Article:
Much like the characters in the story itself, I initially shunned Naruto, mocking the series without giving it a real chance, just as the citizens of Konoha once shunned Naruto himself. I was only vaguely aware of its existence at the time (and probably at around the peak of its popularity in America), but from what I did know, I wrote it off as a silly, misguided series that had the oh so brilliant idea to make a supporting comic relief character its lead.
That's what I thought at the time, at least, but then one day while channel surfing, I happened upon a Naruto marathon that was airing on Cartoon Network, what they called the Naruto Hundo. And so I gave it a bit of a chance, and was initially hooked by its surprisingly catchy opening theme at the time, Haruka Kanata. Where I picked up, the anime was going through the Chunin Exams arc, specifically as they were getting ready for Naruto's big match against Neji. And, watching that fight, just as the other spectators in the show itself, I was extremely impressed by what I saw and was finally able to see Naruto for what it was, a series filled with intense action and heartfelt fun and emotion, and I've been hooked ever since.
It didn't take long for me to catch up with all of the anime at the time, which was just about to start the Sasuke and Sai arc in Shippuden. But unlike other anime that I've gotten into, I just couldn't get enough of this series. And so I actually picked up the manga as well, starting from where the anime left off and catching up to the latest chapter, which, at the time, was actually the chapter that was about to begin the much anticipated fight between Sasuke and Itachi. I've since gone back and read the entire manga from the beginning, and have kept up with it on a weekly basis for the past, what, eight years? Until today, where the series finally released its last, culminating chapter.
It's a strange feeling, knowing that the series is over. Though at the same time, the anime is still going on, and there's the upcoming movie that's supposed to bridge the gap between chapter 699 and the epilogue, not to mention all the rumored spin offs and mini series. But even so, with the main story itself completed, I suppose all there is left to do is to go back and reminisce a little on everything that's transpired over the years.
Certainly the series has had its ups and downs over the years. In fact, I've especially done a lot of complaining about the series in the later years, as the series did endure quite a noticeable decline in quality in its last arc, which felt more like an extended farewell tour that overstayed its welcome, only to rush things along at the end, leaving a whole lot left untold or unexplained as the series wrapped up.
For instance, where the hell was the Uchiha clan during the Kyuubi attack? It was their absence that lead to the distrust the citizens felt towards them, their resulting planned coup, and the inevitable Uchiha massacre that kick started Sasuke's entire story. But in the end, we never did learn of their whereabouts on that night, which seems like quite the glaring omission to leave out.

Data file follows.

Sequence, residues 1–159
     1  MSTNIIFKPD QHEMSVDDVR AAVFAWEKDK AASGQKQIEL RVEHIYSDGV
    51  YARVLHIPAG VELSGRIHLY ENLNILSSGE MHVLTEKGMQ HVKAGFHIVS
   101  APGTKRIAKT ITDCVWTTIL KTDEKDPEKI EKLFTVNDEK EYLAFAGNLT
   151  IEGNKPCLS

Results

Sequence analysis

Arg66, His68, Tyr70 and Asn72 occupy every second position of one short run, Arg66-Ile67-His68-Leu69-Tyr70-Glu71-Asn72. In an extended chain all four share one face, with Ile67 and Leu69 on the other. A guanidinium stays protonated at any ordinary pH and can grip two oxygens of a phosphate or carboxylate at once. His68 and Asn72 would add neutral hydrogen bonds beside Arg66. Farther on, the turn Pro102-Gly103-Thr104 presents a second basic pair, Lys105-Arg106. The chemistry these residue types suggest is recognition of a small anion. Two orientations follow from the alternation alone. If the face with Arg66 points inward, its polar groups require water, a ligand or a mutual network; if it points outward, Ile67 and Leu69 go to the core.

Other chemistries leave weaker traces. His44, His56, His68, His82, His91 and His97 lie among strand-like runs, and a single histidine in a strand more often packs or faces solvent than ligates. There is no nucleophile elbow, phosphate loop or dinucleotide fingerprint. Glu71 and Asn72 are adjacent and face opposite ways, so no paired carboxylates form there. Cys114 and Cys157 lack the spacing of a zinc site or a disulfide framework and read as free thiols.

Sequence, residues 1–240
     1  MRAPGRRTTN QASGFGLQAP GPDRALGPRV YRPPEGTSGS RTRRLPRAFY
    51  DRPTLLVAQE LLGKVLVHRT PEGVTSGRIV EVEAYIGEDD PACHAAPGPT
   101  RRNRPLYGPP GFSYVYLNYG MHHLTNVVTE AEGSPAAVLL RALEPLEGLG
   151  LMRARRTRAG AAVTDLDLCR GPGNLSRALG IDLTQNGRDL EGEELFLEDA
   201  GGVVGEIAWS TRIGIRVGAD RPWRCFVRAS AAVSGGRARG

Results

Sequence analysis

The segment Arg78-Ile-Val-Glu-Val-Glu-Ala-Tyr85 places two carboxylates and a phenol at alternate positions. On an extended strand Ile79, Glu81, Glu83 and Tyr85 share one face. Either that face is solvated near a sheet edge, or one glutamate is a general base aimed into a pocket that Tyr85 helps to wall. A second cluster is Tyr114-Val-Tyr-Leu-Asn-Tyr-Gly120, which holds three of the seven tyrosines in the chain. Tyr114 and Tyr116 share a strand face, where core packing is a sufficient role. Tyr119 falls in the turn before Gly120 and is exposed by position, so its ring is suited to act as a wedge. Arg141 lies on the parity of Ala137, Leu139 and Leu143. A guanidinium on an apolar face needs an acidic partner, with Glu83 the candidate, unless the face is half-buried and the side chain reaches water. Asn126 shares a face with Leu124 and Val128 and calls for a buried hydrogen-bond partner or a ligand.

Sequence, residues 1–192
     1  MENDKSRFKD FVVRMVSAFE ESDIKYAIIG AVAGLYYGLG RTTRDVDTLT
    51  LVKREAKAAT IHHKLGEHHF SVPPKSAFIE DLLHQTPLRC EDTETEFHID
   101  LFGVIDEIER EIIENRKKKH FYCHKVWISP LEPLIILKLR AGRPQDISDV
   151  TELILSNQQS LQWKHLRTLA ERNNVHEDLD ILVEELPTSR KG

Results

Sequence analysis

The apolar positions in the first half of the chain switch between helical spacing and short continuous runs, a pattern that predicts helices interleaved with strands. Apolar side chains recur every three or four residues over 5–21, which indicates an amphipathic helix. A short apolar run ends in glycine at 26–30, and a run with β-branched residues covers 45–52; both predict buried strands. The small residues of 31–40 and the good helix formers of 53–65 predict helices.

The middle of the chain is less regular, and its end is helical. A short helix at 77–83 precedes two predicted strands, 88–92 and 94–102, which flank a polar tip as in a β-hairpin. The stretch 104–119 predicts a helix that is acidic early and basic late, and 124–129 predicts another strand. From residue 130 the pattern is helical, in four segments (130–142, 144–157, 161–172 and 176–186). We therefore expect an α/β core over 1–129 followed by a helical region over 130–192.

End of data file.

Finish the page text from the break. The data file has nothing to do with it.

But that's just one of many unexplained mysteries, and I could go on with more, such as what inspired the Second Hokage Tobirama to invent what has gone down in history as being the most vile, evil jutsu in the series with edo tensei. But I do suppose that with other sources such as databooks and the aforementioned spin offs, the potential does remain for such mysteries to finally come to light. What's really bothersome, though, is the sheer amount of plot holes that remain littered throughout, many of which were created in some of the later chapters themselves.
I would say that, without question, where this series nosedived in quality can be traced back to every single thing related to the Sage of the Six Paths storyline. The main story, while not perfect, was pretty solid for the most part, until that whole Six Paths aspect interjected itself and really muddled things up. It resulted in prior themes being retconned with ideas such as the Child of Prophecy and inescapable fate through reincarnation, which retroactively changes the entire point of prior crucial moments, such as the very fight between Naruto and Neji that got me into the series in the first place. But not only that, a last minute twist that resulted in the "true" final villain being some chick named Kaguya came completely out of nowhere, forcing this brand new character onto us who had not once even been hinted at or built up throughout the series prior to this point, and who ultimately didn't even end up being much of a character at all but rather just another obstacle in the end anyways.
And with her introduction also came a twist involving Black Zetsu that not only introduced plot holes galore concerning what Zetsu actually were (they're apparently NOT Hashirama clones. Even though Tobirama and others explicitly sense Hashirama's cells and presence on Zetsu's being all throughout the story...), but it even retconned Black Zetsu's origin, despite his origin being explained and shown to us within the very same fight earlier on during Obito's flashback (which, by the way, still only really raised more questions that, in the end, remained unanswered).